From a cheering New York Times:
Holder Sees Way to Curb Bans on Gay Marriage
By MATT APUZZO | February 24, 2014
WASHINGTON – Attorney General Eric H. Holder Jr. on Monday injected the Obama administration into the emotional and politicized debate over the future of state same-sex marriage bans, declaring in an interview that state attorneys general are not obligated to defend laws that they believe are discriminatory.
So it’s okay for government officials to ignore their oaths of office and refuse to enforce a law they don’t personally agree with. But it’s a crime for a religious official to refuse a church wedding to some couple because of a personal belief.
Mr. Holder was careful not to encourage his state counterparts to disavow their own laws, but said that officials who have carefully studied bans on gay marriage could refuse to defend them.
So the Attorney General of the United States, the highest law enforcement officer in the country, says it is okay to ignore legally enacted laws. And, in fact, he is encouraging people to do so. Which he does on quite a few issues, by the way. (Cf. amnesty.)
Six state attorneys general – all Democrats – have refused to defend bans on same-sex marriage, prompting criticism from Republicans who say they have a duty to stand behind their state laws, even if they do not agree with them.
What nonsense. Only Republicans have to enforce laws they disagree with.
It is highly unusual for the United States attorney general to advise his state counterparts on how and when to refuse to defend state laws. But Mr. Holder said when laws touch on core constitutional issues like equal protection, an attorney general should apply the highest level of scrutiny before reaching a decision on whether to defend it. He said the decision should never be political or based on policy objections…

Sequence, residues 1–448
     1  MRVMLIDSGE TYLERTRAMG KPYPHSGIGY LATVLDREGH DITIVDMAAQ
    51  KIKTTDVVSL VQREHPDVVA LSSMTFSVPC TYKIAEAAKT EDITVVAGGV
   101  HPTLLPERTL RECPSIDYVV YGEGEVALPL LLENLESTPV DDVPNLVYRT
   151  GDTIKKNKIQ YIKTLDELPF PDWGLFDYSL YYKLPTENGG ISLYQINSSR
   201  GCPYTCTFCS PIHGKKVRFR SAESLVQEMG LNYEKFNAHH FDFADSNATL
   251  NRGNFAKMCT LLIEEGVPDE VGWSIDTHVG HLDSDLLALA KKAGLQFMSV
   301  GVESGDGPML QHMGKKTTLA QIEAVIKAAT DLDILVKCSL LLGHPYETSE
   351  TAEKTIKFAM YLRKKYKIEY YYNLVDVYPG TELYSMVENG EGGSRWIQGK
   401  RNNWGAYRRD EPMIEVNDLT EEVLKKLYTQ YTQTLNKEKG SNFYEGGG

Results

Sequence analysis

And, of course, they would never be political.
The nation’s first black attorney general, Mr. Holder has said he views today’s gay-rights campaigns as a continuation of the civil rights movement that won rights for black Americans in the 1950s and ’60s. He has called gay rights one of “the defining civil rights challenges of our time.”…
And if you call something a ‘civil right,’ then no one can oppose it. Just like amnesty has suddenly become a civil right.
His comments signal the latest manifestation of the Obama administration’s evolving position on gay rights. Mr. Obama came into office opposed to same-sex marriage. But in 2011, he decided against defending the Defense of Marriage Act and ended the “don’t ask, don’t tell” policy barring gays and lesbians from the military. The next year, the president said he personally supported gay marriage…
All of which he did to boost the fundraising for his re-election campaign. But it wasn’t political. No way.